(a) The trial court did not prejudicially abuse its discretion in refusing to permit use of part of a prior statement by the other deputy to impeach his trial testimony that he saw an object in petitioner's hand as petitioner's hand was coming down on Deputy Johanneson. The deputy could not recall whether he told the authorities who questioned him after the incident that he had seen something in petitioner's hand. The prior statement revealed that the deputy was not questioned specifically to determine whether he had seen anything in petitioner's hand as the hand came down.

The applicable rule is R. 613, Minn.R. Evid.; the applicable principles are discussed well in D. Louisell and C. Mueller, 3 Federal Evidence, §§ 355-359 (1979). In this case we believe that the trial court, in its discretion, may have concluded that under the circumstances of the interrogation of the deputy by the police it was not unusual for the deputy to omit reference to seeing something in petitioner's hand, especially since the questioning was brief and did not focus on whether the deputy saw anything in petitioner's hand. In any event, whether or not the trial court abused its discretion, it is clear that petitioner was not prejudiced. The deputy easily could have explained on redirect that he was not asked specifically about whether he saw anything in petitioner's hand.

(b) The trial court did not abuse its discretion in admitting evidence concerning petitioner's motive for attacking the deputies. This was admissible under R. 404(b), Minn.R.Evid. Petitioner had a right to cautionary instruction but did not request one; therefore he forfeited his right to have that issue considered on appeal. State v. Forsman, 260 N.W.2d 160 (Minn.1977).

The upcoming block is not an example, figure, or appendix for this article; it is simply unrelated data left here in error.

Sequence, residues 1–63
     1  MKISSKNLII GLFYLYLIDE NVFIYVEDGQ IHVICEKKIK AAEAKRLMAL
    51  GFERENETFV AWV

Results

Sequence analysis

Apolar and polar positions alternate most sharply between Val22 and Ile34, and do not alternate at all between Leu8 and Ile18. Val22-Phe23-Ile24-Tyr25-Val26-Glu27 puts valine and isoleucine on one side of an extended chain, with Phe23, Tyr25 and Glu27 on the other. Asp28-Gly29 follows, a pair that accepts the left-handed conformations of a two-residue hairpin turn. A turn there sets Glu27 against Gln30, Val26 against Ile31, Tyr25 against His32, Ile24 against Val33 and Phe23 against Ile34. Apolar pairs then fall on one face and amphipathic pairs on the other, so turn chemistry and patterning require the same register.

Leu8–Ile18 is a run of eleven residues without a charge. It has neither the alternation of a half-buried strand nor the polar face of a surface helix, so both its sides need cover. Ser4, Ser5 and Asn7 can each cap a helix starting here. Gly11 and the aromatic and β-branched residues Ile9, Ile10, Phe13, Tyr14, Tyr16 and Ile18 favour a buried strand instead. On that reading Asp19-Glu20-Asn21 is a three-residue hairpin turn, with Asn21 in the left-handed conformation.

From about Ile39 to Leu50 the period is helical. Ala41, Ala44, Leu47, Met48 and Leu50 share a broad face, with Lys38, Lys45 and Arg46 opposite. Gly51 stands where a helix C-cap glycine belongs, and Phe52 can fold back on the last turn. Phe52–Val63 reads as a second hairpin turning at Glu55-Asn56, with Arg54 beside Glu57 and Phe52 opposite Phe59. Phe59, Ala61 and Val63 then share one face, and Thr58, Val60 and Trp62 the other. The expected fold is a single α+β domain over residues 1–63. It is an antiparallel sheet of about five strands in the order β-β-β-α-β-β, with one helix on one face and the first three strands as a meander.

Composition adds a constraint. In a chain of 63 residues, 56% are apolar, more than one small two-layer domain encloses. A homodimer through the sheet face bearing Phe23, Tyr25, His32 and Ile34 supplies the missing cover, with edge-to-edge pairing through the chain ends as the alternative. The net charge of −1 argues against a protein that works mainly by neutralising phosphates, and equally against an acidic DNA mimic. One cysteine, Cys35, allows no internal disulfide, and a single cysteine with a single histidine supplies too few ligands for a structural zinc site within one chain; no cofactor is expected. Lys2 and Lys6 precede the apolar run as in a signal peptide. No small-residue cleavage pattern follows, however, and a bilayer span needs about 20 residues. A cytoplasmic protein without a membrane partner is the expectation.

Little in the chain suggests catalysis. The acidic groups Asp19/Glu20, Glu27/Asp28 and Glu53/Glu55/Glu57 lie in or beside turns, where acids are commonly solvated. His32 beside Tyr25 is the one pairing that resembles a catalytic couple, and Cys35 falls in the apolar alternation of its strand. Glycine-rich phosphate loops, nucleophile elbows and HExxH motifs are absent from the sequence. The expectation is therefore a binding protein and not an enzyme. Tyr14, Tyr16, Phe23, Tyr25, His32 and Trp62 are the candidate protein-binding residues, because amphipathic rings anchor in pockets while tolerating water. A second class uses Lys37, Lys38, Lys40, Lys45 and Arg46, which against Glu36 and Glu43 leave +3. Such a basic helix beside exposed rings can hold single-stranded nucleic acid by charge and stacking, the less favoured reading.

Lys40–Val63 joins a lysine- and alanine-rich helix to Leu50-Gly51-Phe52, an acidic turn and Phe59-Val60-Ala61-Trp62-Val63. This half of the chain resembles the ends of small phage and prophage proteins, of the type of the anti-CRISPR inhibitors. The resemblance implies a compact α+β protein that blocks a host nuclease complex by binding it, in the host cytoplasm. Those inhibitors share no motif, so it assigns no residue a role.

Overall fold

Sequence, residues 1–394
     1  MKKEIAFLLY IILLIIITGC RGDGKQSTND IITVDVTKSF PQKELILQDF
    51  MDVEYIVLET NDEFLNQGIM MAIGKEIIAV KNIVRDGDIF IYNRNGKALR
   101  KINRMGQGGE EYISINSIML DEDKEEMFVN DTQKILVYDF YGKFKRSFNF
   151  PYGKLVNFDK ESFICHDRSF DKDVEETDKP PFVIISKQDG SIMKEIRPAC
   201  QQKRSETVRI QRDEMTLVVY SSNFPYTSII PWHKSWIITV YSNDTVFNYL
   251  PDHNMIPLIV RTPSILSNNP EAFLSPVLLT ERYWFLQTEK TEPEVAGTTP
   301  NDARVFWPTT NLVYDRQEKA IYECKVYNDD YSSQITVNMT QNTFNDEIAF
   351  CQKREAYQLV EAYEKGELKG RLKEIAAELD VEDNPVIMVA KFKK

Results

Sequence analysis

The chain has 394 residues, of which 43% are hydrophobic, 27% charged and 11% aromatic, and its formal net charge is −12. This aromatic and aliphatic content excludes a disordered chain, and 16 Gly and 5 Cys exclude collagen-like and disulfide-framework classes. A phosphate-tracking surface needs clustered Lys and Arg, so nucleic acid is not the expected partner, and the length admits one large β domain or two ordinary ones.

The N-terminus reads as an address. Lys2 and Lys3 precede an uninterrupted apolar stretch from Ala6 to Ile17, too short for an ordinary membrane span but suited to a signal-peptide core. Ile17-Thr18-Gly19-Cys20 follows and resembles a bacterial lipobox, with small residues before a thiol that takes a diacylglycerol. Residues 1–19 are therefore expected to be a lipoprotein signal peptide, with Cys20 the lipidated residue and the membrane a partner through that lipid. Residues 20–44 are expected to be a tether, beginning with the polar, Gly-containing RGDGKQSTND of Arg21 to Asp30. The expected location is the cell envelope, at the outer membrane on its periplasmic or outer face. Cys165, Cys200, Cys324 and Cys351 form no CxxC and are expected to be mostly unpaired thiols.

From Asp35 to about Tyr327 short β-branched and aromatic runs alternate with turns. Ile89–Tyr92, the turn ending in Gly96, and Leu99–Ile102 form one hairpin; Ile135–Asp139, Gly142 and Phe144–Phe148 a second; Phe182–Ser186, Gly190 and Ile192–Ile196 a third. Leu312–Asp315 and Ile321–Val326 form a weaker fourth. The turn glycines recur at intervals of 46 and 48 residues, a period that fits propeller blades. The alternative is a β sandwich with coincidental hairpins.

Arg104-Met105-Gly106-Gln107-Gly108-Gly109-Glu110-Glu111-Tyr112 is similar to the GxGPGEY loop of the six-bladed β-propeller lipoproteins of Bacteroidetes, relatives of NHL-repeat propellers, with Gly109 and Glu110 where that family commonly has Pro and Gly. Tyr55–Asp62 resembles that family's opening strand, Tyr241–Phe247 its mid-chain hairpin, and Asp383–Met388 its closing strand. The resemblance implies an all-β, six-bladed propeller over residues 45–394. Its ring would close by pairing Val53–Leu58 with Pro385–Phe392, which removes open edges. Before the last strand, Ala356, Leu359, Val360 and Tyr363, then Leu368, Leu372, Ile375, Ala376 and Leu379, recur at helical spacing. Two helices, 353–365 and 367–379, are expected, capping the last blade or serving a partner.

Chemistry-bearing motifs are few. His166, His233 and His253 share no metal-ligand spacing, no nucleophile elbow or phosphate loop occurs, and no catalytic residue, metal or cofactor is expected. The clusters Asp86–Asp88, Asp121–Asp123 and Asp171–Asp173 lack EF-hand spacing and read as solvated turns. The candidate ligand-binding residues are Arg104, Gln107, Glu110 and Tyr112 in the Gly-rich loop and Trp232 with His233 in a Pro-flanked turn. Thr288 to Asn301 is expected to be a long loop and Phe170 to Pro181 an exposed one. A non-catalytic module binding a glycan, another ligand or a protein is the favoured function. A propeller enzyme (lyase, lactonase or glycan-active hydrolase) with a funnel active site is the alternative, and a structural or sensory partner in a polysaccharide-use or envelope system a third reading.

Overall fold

(c) Petitioner's contention that the prosecutor should not have not been permitted to use his prior conviction-the 1975 one for aggravated robbery-to impeach him when he testified is an issue which we do not reach. The record does not show any objection to this. In fact it shows that in interrogating the jurors at voir dire defense counsel questioned the jurors about whether they would convict petitioner just because it might be shown that he had a prior conviction.

4. Petitioner's contention that the prosecutor committed misconduct in closing argument was also forfeited, by petitioner's failure to object.

5. Petitioner's contention that his sentence was inequitable appears to be without foundation but, in any event, this crime occurred in 1977, long before the Sentencing Guidelines became applicable (May 1, 1980). State v. Gamelgard, 287 Minn. 74, 177 N.W.2d 404 (1970), applies, and we have no authority to review the sentence so long as it is one authorized by law, which it is.

6. Petitioner's claim of newly discovered evidence was properly rejected by the trial court. The evidence in question was not newly discovered, was arguably doubtful in character, and was cumulative. The postconviction court properly refused to grant petitioner a new trial on this ground. Martin v. State, 295 N.W.2d 76 (Minn.1980).